I’ve been with Concordance since nearly inception, and in that initial start-up phase there were certainly some funny learning moments. This isn’t necessarily a funny story, but I do remember one particular night that taught me a few important lessons. There was a participant in our very first class who we were hoping to enroll in an outside sobriety program, but his team was having trouble convincing him it was the right move. So, being extremely passionate and equally naïve, Danny and I thought if WE took him directly he would surely recognize our leadership positions and clout at Concordance and entirely change his mind. You can probably imagine where this story is going already! We picked him up for the 45 minute drive to the facility. Along the way, he kept finding excuses to stop — he needed to pick up his girlfriend, buy some cigarettes (with my personal money), and grab some White Castle burgers. After meeting his every wish, we were sure we had persuaded him to stay for the duration of the program and went home feeling great about the work we had done. The next day, I received a call that he had already left that program.
This story is such a great example of how far we’ve come — we had to learn quickly that there are some details that executive leadership isn’t necessary or even helpful in handling, and they are better left to our highly capable team of expert clinicians and case managers. Back then we had no discipline as to organizational roles or boundaries with participants. Since then, we have learned that the organization runs more effectively, and participants are better served by allowing team members to do what they do best.
That was also my first firsthand lesson that you can’t force someone to choose sobriety; it has to happen when they are ready. Occasionally we see participants back in our program after a relapse or recidivism event. They do great the second time around, because they are more ready to own their sobriety for themselves. Relapse is a part of healing, and we had to build that reality into our program. Initially we were going to such extreme lengths to help participants avoid relapse that we were not holding healthy boundaries, but that wasn’t helpful for anyone. I now know that while we aren’t always our participants’ best friends, we are their partner on the journey and we are helping them access what they need (even if it’s not always what they want).
None of us are able to achieve success without some help along the way. Is there a particular person who you are grateful towards who helped get you to where you are? Can you share a story about that?
I had an amazing mentor at Gettysburg College, Dr. Eileen Stillwagon. She helped me land my first internship with the DOJ antitrust division through a personal connection, helped me get into Georgetown for my PhD program, and helped me understand the importance of networking and how you can advocate for others through your circle of influence. As an adjunct professor later in life, I was able to pay that forward by helping my students connect to job positions and educational opportunities that fit their passions.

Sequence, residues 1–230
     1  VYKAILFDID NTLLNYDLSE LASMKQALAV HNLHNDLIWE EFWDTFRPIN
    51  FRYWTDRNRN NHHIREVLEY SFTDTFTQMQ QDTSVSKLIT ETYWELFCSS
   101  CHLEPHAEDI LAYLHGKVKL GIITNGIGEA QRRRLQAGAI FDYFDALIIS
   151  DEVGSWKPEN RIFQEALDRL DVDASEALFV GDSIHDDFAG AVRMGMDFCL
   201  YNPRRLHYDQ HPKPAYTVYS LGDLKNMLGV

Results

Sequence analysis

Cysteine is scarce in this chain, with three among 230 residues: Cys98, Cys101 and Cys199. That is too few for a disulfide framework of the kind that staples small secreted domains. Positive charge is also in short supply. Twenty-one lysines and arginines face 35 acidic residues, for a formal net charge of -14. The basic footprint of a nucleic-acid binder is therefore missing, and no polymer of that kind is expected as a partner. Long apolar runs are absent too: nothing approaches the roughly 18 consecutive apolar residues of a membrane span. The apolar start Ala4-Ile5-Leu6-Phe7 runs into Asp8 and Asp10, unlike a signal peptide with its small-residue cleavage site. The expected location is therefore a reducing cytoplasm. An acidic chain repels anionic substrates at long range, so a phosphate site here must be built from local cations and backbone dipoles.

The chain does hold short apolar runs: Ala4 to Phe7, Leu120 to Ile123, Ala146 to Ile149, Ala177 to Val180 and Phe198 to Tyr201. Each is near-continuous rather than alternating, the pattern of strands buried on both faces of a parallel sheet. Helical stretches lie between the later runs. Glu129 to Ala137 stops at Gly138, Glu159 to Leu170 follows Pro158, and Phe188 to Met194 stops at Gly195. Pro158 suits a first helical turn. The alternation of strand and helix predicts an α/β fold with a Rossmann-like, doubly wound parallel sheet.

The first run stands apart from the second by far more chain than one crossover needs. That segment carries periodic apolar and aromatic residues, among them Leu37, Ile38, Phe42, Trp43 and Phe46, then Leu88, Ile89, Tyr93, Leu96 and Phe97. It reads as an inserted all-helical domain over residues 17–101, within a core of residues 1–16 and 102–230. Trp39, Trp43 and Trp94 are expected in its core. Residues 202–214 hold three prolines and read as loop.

In my work, I often talk about how to release and relieve stress. As a busy leader, what do you do to prepare your mind and body before a stressful or high stakes meeting, talk, or decision? Can you share a story or some examples?
In general, I find my best stress relief is my morning routine — I start every day with prayer, meditation, and a run. This helps me find strength and calm to start my (often hectic) days.
As for the stress of high-stakes meetings, I am the ultimate prepare-er — I prefer to avoid off-the-cuff presenting, and I instead like to be prepared with a detailed plan for what I hope to convey. At my core I am an introvert, so I often need a quiet moment alone to gather my thoughts before a high-stakes meeting or decision.
As you know, the United States is currently facing a very important self-reckoning about race, diversity, equality and inclusion. This may be obvious to you, but it will be helpful to spell this out. Can you articulate to our readers a few reasons why it is so important for a business or organization to have a diverse executive team?
Diversity is crucial to a high-functioning organization. By ensuring an organization proportionally represents the clientele, population, or community it serves, it ensures important perspectives and voices are included in organizational decision-making and day-to-day operations. For us specifically, we work with justice involved adults, so it is important that our team members represent our participants and can speak to their perspective and experiences. It is also inspirational for participants to work with diverse team members from all different backgrounds and walks of life.
As a business leader, can you please share a few steps we must take to truly create an inclusive, representative, and equitable society? Kindly share a story or example for each.
Concordance’s mission of reducing reincarceration directly promotes a more inclusive and equitable society. Mass incarceration affects 100 million people in the United States, and disproportionately members of the Black community. By breaking the cycle of reincarceration, we are elevating returning citizens and driving toward more equitable communities. Supporting our efforts is a big step anyone can take in creating a more equitable society.